The best CPU for PC gaming in 2019

Best CPU for gaming

Even the best CPU for PC gaming tends to sit pretty far down the totem pole when people chat about building the ultimate rig. For better or worse, graphics cards tend to steal the show for gaming builds, given how critical they are for graphics rendering. But ignore your processor at your own peril. While they may not be the most critical part in a gaming PC, they are still absolutely essential, particularly if you're also going to lean on your machine for any sort of workload purposes. Even in purely gaming terms, a great processor is really important, as it handles important tasks like computing enemy AI. It's even more vital for genres like strategy and simulation, where your CPU will shoulder some of the heaviest burdens, complicated systems like weather or economics.

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Of course, if you are creating or upgrading a machine to handle stuff like CAD or serious video and audio editing, a CPU moves to the front of the line in terms of importance. But even gamers will want a capable processor, and real enthusiasts will likely want to further future proof their investment by getting a K or X chip (on the Intel side), meaning that they'll be able to overclock it for greater performance if necessary. If you're serious about getting the very best performance from your CPU, you're likely looking for a 9th Gen Intel chip, or perhaps AMD's Threadripper; otherwise, an 8th gen or something from the Ryzen 5 or Ryzen 7 family will likely suit your needs admirably. For the truly budget conscious, however, you can probably skate by at least for a bit with a Ryzen 3 or Core i5.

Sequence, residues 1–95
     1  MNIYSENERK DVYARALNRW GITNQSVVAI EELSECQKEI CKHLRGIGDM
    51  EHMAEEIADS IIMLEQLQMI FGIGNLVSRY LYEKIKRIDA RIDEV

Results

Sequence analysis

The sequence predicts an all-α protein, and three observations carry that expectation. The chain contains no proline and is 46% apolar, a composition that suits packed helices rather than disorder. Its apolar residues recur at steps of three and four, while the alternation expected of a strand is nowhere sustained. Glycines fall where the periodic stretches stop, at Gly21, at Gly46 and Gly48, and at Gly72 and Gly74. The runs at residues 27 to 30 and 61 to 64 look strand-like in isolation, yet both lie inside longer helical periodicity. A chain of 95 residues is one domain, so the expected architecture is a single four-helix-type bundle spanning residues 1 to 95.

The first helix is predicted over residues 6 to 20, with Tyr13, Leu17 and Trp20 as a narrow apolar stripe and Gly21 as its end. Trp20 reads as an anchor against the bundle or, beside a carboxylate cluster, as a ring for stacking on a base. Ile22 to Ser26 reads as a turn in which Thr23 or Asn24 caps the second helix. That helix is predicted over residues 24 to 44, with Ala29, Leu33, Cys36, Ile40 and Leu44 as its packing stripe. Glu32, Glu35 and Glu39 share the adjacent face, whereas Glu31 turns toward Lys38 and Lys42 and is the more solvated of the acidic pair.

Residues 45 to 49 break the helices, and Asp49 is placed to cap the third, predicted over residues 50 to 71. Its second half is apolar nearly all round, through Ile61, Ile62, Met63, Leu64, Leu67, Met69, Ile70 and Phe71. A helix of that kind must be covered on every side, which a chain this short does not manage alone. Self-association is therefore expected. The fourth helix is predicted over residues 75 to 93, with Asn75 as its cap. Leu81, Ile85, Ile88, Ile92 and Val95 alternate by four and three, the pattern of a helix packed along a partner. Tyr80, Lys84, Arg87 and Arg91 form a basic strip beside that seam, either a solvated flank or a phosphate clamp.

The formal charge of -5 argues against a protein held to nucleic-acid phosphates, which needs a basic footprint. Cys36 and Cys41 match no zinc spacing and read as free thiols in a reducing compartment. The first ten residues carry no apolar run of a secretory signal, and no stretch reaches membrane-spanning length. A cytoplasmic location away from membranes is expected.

To find a killer GPU to accompany your new processor, head over to our best graphics card guide, and to deck out your machine with the very best peripherals, take a look at our best gaming keyboard and best gaming mouse roundups. And to crack the code on what all the technical jargon means, head over to our massive hardware glossary